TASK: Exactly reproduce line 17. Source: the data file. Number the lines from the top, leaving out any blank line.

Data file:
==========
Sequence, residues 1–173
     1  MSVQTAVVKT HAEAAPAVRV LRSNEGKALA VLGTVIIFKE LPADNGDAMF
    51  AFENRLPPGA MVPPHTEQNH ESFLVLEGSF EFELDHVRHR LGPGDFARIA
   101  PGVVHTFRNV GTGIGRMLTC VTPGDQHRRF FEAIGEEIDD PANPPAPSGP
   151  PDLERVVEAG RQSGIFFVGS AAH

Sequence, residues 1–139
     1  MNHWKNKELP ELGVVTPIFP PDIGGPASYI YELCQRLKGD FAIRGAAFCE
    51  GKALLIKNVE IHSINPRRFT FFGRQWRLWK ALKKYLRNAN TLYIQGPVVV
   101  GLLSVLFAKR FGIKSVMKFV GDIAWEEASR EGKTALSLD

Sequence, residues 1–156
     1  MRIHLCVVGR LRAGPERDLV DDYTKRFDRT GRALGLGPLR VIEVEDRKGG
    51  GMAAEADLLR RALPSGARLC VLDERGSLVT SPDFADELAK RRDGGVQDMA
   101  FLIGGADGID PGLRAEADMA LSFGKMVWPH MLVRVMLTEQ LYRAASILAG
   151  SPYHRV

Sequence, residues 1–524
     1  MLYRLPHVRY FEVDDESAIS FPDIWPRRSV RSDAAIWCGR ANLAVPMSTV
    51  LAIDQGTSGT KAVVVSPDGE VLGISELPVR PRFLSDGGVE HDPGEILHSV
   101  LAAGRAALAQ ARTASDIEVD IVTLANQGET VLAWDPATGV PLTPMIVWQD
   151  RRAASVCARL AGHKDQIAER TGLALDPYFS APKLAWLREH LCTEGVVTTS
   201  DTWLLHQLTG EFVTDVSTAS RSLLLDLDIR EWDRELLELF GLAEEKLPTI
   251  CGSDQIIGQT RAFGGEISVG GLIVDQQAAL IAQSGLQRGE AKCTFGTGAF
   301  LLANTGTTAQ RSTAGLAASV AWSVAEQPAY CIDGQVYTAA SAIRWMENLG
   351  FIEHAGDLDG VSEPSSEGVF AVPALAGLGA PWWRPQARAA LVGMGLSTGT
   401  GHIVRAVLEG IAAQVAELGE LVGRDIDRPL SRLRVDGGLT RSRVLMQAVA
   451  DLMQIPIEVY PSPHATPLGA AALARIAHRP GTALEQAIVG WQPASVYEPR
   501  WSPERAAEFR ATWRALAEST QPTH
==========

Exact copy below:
    51  LAIDQGTSGT KAVVVSPDGE VLGISELPVR PRFLSDGGVE HDPGEILHSV